By Patrick Anderson
PBN Staff Writer
Sweeping visions of hotels, shops and restaurants lining Providence’s industrial waterfront appear dead following the sale of the Promet Marine Services ship-repair yard on Allens Avenue to an international scrap-metal recycler.
Pulling back from the broad rezoning plans pushed by past mayors to allow a wide range of commercial and residential uses along Allens Avenue, city officials now plan to release a scaled-back rezoning proposal that would add only office space to the waterfront mix.
“I think the energy [for rezoning] has left the room – people are much more concerned about what may or not happen” with land freed up by the rerouting of Interstate 195 through the city, said Providence City Councilor Luis Aponte, who represents Ward 10 and has supported waterfront rezoning. “I still think it should be part of the plan, although I don’t know how attractive it will be with scrap there.”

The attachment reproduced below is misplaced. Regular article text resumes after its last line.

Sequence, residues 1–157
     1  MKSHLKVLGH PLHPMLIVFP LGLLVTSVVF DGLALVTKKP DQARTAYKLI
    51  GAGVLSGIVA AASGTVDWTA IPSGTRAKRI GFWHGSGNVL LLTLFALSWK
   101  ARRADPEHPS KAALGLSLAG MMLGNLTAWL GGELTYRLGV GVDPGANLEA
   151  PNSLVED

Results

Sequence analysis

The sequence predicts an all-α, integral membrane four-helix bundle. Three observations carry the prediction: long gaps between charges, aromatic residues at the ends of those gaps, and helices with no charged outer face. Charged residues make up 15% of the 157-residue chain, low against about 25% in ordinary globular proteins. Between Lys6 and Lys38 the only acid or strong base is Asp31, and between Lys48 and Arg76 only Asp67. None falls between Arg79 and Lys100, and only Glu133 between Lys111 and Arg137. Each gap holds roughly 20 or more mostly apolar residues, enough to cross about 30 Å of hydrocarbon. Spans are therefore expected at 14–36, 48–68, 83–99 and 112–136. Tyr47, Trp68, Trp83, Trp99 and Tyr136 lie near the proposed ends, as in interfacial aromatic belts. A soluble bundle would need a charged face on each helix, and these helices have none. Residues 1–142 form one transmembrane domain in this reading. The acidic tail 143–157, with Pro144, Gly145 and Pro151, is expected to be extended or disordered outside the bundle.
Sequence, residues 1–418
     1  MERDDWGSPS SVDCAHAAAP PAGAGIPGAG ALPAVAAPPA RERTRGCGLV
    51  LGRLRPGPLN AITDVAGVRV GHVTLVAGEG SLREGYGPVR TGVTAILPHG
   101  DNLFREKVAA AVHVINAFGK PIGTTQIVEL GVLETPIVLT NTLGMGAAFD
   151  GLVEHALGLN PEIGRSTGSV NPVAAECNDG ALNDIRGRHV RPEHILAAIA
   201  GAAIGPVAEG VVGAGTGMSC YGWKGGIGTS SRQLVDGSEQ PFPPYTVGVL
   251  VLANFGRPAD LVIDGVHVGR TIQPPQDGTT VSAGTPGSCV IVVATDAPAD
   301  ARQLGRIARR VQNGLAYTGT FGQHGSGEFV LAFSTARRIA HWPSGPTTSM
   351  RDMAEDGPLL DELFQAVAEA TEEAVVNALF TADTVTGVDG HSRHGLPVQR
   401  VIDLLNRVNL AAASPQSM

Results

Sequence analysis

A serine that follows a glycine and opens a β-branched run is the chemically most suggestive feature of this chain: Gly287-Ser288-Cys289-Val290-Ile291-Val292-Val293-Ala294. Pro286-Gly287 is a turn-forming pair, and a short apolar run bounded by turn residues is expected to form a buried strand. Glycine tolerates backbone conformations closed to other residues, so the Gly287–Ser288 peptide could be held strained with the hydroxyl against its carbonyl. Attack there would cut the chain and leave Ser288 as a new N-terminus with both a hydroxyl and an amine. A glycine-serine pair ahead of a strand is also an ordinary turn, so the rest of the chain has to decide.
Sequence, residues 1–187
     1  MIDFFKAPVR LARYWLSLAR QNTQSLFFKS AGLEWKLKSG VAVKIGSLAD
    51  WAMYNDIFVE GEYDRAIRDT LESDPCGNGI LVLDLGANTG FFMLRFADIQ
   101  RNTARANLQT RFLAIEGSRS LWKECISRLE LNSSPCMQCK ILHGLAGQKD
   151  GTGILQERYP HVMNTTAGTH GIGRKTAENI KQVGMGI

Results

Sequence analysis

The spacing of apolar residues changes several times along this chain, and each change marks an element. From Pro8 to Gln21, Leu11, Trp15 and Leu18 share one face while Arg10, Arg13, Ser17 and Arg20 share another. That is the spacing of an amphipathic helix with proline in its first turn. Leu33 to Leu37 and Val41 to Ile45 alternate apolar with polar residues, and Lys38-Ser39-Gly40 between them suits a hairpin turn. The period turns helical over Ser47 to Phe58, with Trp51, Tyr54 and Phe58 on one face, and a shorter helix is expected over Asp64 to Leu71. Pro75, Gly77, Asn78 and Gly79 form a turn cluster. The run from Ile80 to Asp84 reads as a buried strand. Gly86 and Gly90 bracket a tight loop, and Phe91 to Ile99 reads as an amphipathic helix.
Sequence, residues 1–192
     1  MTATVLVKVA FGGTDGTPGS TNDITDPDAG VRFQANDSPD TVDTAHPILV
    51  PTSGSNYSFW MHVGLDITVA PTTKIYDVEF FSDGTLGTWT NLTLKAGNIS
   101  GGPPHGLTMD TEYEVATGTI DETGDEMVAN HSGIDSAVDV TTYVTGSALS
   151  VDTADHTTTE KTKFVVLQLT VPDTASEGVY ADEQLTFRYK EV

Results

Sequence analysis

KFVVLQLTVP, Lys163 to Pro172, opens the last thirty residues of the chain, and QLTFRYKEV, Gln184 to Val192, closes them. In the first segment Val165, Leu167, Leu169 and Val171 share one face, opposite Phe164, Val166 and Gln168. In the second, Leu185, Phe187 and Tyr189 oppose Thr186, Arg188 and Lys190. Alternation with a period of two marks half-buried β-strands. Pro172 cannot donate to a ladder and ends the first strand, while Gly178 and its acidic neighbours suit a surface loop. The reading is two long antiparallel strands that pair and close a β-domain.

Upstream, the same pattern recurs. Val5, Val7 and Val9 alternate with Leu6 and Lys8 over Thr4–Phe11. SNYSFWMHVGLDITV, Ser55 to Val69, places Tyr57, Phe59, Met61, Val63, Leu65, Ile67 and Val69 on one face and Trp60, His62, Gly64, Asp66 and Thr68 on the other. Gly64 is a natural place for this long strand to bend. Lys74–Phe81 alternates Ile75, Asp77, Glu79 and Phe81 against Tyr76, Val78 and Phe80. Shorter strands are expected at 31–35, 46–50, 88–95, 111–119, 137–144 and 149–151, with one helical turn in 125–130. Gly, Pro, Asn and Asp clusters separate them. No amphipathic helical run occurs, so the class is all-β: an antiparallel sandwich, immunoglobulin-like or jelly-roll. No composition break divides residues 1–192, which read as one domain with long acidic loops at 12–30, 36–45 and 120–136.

City Council President Michael Solomon, an opponent of earlier plans to remake the working waterfront with parks, condominiums and entertainment, said he expects a new plan with “minor” zoning changes to be released to the council in the next two weeks.
“I think right now everyone is in agreement there should be minor changes,” Solomon said. “There will probably be some office space involved. No condominiums, restaurants, shops or hotels.”
Spurring development on Allens Avenue, which is now home to a mix of marine industrial businesses, auto-repair yards and strip clubs, has been an objective in City Hall going back several mayors.
In the colorful renderings of “Providence 2020,” a plan commissioned by then-Mayor David N. Cicilline and released in 2005, the same blocks now home to the bankrupt Providence Piers and the new Sims Metal Management scrap yard were filled with throngs of visitors to waterfront parks, a riverwalk, hotels and residential towers.
But as they have in cities up and down the coast, efforts to trigger investment by easing waterfront zoning restrictions to allow a wide mix of uses, including shops, hotels, restaurants and residential development, have run into strong opposition from existing property owners who worry those uses will eventually squeeze out their businesses.
Unlike his predecessors, Mayor Angel Taveras has hailed Allens Avenue’s industrial sector and supports the plan scheduled to be introduced to the City Plan Commission Nov. 15 that would keep nearly the entire waterfront industrial.